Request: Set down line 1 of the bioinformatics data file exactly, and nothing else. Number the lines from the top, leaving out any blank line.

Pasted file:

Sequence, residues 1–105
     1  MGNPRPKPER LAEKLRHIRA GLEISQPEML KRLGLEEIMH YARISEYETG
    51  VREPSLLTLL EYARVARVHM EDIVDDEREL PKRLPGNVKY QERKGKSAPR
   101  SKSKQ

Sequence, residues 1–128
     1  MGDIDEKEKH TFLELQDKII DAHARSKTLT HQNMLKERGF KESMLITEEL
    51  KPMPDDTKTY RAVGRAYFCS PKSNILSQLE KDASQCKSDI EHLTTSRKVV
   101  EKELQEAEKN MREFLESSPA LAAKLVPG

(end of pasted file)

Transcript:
Sequence, residues 1–105